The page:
• $\begingroup$ But I don't understand your example: which are the vector fields generating $D$ (or $\Sigma$, which is the same up to a standard -at least in algebraic geometry- abuse of notation/terminology) on points of the form $(0,y)\in\mathbb{R}^2$? $\endgroup$
    – Qfwfq
    Mar 27, 2017 at 17:03
  • $\begingroup$ I'm sorry, I gave the wrong definition of integrable distribution. $D$ is integrable iff for every $p\in M$ there exists a submanifold (without boundary) $S$ containing $p$ such that for all $q\in S$ we have $T_q S = D_q $. With this definition,you can immediately see that my counterexample is not integrable. However, a set of generators of $D$ is $\partial / {\partial x},f \partial/{\partial y} $ where $f:\mathbb R ^2 \to \mathbb R $ is a smooth function which is zero for $x\leq 0$ and nonzero for $x>0$. $\endgroup$
    – Ervin
    Mar 27, 2017 at 17:29

2 Answers 2


It is possible to define the Lie groupoid of a singular foliation and associates to it its Lie algebroid when it is smooth. This Lie algebroid satisfies the property 2.




It is a conjecture of Androulidakis and M. Zambon (see ( Lavau's thesis p. 65) that not every singular foliation arises from a Lie algebroid. In the second reference, there is a condition which implies the smoothness of the holonomy groupoid.



  • 1
    $\begingroup$ I have two comments. 1) In the article you cited, by singular foliation they mean what I call a Stefan-Sussman singular foliation. My definition seems to be more general, and in fact my first question asks precisely if the two definitions are equivalent. 2) I didn't read the whole article, but it seems to me that they associate to every Stefan-Sussman singular foliation a topological groupoid, which is not always Lie. For a topological groupoid, we don't have a well defined notion of Lie algebroid associated to the groupoid. $\endgroup$
    – Ervin
    Mar 27, 2017 at 9:26
  • $\begingroup$ You may prefer the first reference for the definition of the associated Lie groupoid $\endgroup$ Mar 27, 2017 at 9:42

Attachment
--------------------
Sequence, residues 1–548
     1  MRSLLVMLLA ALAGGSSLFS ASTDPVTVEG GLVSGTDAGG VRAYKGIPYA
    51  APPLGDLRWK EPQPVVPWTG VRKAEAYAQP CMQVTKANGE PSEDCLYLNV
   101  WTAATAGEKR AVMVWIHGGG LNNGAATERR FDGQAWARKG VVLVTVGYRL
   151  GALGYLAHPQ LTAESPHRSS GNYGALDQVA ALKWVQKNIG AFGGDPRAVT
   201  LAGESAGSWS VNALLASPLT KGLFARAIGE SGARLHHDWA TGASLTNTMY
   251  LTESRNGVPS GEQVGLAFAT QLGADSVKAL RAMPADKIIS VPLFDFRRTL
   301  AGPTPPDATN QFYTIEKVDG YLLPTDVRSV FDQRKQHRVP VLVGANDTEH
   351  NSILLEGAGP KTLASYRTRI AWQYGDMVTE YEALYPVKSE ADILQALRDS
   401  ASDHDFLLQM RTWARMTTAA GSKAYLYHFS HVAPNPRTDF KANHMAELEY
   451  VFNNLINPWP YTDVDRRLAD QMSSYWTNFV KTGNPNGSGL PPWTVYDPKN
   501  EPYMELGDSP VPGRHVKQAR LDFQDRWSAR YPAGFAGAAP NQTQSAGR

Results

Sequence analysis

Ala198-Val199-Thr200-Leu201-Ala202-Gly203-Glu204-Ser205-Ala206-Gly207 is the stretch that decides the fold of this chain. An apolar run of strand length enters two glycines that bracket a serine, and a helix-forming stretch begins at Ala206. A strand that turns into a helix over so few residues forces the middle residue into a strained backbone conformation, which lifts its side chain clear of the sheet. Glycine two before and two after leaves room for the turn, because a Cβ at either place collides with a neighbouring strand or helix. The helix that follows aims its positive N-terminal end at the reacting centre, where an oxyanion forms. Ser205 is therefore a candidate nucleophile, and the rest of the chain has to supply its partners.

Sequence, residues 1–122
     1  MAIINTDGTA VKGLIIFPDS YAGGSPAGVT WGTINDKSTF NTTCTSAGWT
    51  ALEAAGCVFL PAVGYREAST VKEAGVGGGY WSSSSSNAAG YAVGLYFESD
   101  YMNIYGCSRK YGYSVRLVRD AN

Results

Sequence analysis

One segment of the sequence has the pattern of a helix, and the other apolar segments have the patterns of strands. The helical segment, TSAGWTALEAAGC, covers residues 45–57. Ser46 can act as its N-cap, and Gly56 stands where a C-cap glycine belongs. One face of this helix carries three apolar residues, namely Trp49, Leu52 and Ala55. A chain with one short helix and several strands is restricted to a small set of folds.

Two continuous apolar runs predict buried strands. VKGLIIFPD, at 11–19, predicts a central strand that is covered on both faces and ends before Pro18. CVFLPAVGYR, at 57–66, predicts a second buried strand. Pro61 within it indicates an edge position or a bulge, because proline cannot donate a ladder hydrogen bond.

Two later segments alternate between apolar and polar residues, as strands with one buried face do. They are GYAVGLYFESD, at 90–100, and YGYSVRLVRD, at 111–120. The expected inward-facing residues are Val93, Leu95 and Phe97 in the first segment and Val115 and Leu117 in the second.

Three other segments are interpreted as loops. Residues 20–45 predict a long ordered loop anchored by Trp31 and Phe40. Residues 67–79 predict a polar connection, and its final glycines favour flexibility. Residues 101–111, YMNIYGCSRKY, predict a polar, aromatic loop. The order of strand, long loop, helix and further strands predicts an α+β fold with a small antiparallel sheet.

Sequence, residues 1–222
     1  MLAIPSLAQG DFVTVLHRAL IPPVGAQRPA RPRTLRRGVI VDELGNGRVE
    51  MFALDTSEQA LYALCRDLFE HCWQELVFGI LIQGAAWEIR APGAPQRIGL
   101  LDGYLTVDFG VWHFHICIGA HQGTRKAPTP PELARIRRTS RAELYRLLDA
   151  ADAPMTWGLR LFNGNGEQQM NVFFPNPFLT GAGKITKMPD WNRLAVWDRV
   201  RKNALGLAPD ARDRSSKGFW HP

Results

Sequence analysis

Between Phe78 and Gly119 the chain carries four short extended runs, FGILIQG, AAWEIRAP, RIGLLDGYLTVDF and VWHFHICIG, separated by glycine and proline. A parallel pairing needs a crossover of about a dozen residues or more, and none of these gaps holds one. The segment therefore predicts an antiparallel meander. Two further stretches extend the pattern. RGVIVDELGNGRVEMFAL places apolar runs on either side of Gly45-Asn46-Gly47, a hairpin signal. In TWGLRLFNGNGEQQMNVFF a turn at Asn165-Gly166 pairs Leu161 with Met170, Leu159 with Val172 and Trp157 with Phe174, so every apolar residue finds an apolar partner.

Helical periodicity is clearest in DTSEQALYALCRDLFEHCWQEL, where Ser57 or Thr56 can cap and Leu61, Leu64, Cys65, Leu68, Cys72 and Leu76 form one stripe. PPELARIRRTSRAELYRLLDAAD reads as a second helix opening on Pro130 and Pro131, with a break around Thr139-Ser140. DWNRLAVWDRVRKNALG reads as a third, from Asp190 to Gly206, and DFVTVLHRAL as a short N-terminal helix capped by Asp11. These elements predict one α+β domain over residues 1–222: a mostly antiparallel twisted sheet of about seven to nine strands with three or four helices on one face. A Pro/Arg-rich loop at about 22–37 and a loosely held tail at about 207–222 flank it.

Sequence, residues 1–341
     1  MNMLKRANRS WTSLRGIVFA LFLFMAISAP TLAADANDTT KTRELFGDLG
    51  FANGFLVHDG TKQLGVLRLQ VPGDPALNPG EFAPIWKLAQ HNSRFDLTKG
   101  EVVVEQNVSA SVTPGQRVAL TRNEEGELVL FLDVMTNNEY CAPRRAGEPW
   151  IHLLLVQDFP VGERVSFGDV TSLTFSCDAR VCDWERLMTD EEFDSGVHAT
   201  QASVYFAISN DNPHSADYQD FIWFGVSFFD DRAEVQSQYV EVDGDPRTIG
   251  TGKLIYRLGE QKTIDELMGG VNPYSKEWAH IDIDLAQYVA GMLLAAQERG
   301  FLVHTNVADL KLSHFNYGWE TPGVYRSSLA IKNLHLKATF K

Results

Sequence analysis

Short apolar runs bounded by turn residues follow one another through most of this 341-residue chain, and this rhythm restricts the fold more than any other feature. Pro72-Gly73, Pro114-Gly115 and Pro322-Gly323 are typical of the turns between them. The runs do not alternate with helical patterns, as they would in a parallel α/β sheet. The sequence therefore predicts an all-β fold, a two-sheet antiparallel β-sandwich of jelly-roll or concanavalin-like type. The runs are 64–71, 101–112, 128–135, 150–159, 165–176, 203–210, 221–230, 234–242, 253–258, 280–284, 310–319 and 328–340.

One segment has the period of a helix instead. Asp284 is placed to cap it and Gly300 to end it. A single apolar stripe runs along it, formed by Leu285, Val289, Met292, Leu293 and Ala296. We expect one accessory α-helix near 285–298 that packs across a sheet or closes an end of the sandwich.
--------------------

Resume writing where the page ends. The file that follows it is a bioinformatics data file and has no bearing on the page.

• $\begingroup$ If the foliation is almost regular, then there is a well defined notion of Holonomy groupoid of it. For example, the construction fails for the foliation on $\mathbb R ^3 $ given by the spheres centered at the origin. (however, this foliation is indeed given by a Lie algebroid because there is a Poisson structure on $\mathbb R ^3 $ which induces that foliation) $\endgroup$
    – Ervin
    Mar 27, 2017 at 9:57
  • $\begingroup$ Can you give me a reference of Skandalis' conjecture? $\endgroup$
    – Ervin
    Mar 27, 2017 at 12:22
  • $\begingroup$ In fact it is a conjecture of Androulidakis and M. Zambon see Lavau thesis p.65 $\endgroup$ Mar 27, 2017 at 14:26

For Stefan-Sussmann singular foliations, the answer is negative: See Prop. 1.3 in the following paper, for the construction of an explicit counterexample:


Second, regarding the holonomy groupoid of a singular foliation: In fact, it turns out that it is a diffeological space, so one can do differential geometry with it. In particular, one can differentiate it in the sense of diffeological spaces (but this can be done explicitely) and obtain a Lie algebroid in a generalized sense. This Lie algebroid is nothing else than the original module $\cF$ of vector fields which defined the foliation in hand.

Of course this module $\cF$ will not be projective, unless the foliation is "almost regular" (this is the case studied by Debord). So the Serre-Swan theorem does not apply in general, which means that $\cF$ cannot be realized as the module of sections of some honest vector bundle. However, there does exist a "singular" bundle around -- its fiber at a point $x$ is the quotient of $\cF$ by the maximal ideal at x...